I also did not realize how my lifestyle at home would be so vastly different than theirs. The second day as I was eating lunch I turned around and looked into the eyes of the Kenyans watching me. No one asked for food, no one said a word. I knew that they were truly hungry and truly thirsty. I knew that they had walked there on one of the hundreds of trails throughout the landscape, and would walk home. I also knew that I had luxuries at home that they did not even know existed. Suddenly the bread stuck to the roof of my mouth and my water became hard to drink. The transformation in my mind had begun.
I soon realized that we did not work all day to survive. I also realized that the running water in my home was something that women walked miles to get EVERY DAY because they had no other option. The woman in the image below filled this bucket out of a pond that I would not water my horse from, placed the bucket on her head, put her left shoe in her hand, and walked home. This is a trip she makes every day. The only time she touched the bucket was when she walked around our tents, which were clearly set on the path she was using.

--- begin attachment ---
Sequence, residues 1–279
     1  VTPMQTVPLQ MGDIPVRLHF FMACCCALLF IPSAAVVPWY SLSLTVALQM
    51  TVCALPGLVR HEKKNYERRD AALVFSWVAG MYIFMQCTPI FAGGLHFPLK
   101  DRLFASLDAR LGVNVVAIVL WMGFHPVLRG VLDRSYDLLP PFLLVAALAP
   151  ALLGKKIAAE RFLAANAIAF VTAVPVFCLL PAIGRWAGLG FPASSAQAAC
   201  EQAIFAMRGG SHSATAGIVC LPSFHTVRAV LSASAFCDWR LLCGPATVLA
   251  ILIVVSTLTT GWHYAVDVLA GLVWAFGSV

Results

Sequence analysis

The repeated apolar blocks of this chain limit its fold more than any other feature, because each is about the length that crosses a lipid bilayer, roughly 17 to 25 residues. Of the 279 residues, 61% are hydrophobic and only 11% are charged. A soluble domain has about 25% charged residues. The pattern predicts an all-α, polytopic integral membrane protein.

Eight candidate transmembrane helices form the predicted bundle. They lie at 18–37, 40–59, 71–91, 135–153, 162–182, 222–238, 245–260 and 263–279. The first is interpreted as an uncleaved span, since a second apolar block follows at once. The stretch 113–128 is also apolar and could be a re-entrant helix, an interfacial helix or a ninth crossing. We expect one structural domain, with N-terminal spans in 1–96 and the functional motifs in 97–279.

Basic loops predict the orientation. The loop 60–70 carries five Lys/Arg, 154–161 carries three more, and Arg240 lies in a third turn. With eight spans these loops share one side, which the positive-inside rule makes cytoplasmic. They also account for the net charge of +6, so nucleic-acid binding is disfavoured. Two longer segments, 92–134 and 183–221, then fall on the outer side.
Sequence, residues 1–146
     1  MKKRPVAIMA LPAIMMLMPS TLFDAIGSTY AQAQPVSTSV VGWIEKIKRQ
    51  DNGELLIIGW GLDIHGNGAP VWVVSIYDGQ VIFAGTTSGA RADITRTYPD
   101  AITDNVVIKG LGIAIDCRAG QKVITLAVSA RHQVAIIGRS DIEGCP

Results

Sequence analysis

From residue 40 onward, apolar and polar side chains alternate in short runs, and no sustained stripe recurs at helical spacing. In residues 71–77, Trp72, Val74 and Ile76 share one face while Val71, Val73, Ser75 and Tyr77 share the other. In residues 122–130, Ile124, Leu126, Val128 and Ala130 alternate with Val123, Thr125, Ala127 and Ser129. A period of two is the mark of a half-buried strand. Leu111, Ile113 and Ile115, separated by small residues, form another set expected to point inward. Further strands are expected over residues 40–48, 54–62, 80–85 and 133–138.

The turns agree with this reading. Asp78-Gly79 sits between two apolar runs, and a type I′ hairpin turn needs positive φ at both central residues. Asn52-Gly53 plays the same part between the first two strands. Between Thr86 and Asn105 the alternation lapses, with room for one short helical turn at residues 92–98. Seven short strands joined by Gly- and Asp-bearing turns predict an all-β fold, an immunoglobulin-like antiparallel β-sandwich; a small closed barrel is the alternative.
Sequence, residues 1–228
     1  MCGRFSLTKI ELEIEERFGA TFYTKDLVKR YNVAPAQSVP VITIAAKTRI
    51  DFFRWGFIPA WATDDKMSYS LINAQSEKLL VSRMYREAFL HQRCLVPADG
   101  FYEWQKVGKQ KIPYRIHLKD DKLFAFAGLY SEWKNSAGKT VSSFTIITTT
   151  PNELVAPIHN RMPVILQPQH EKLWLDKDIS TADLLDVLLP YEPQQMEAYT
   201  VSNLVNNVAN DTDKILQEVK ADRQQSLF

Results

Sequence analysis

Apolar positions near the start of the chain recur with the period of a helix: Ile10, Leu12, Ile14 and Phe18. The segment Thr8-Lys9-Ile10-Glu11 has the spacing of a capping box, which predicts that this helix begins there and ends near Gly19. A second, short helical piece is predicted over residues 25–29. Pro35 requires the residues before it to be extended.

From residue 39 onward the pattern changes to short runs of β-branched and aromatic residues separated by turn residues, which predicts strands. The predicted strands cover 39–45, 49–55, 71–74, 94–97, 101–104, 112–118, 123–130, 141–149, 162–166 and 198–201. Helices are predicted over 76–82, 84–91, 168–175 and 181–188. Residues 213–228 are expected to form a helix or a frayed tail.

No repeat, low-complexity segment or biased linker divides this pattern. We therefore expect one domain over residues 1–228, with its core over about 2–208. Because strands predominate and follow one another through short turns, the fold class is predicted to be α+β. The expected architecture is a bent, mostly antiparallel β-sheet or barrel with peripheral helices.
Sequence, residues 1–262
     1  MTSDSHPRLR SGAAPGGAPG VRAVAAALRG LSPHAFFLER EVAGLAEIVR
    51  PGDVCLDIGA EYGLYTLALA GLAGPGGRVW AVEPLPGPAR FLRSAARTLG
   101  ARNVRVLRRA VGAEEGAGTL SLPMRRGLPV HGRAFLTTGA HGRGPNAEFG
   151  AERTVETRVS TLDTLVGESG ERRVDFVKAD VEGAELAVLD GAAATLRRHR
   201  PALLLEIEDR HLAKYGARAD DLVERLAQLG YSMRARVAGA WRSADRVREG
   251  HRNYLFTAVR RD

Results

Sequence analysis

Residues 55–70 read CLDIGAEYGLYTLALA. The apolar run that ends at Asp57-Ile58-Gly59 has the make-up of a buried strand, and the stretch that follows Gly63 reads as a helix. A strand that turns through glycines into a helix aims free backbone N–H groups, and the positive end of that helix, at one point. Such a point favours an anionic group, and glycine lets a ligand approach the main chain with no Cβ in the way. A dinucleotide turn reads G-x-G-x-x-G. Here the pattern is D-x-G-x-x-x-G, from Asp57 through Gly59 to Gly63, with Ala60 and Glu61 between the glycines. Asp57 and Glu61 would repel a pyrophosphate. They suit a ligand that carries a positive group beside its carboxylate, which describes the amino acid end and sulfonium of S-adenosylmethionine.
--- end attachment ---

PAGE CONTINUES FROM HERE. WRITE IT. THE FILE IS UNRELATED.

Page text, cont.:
With the exception of two nights on the route our toilets consisted of concrete with a hole to “do your duty” in. I have had LOTS of experience in the wild but never had a target before so this was a new experience, and not one I looked forward to. We had showers each night but with the exception of three nights that was a bucket suspended from a rod that we called our bucket baths. It felt amazing and I also realized that this was a luxury item.
As Americans I do not believe we understand the luxuries in our world. We don’t understand that we have roads with an infrastructure, postal system, running water, electricity, readily available food, heat for our homes and heat for our food. The very items we take for granted was the reason we were riding.
My trip to Africa was transforming for me, but the trip was not for me. The trip was a fundraiser for the Non Profit Zawadisha. We were raising money to help Zawadisha be able to fund micro loans for womens groups in Kenya. The same amount of money that buys me dinner one night in the States will allow a family to have a portable cook stove for their home. That is why we were there.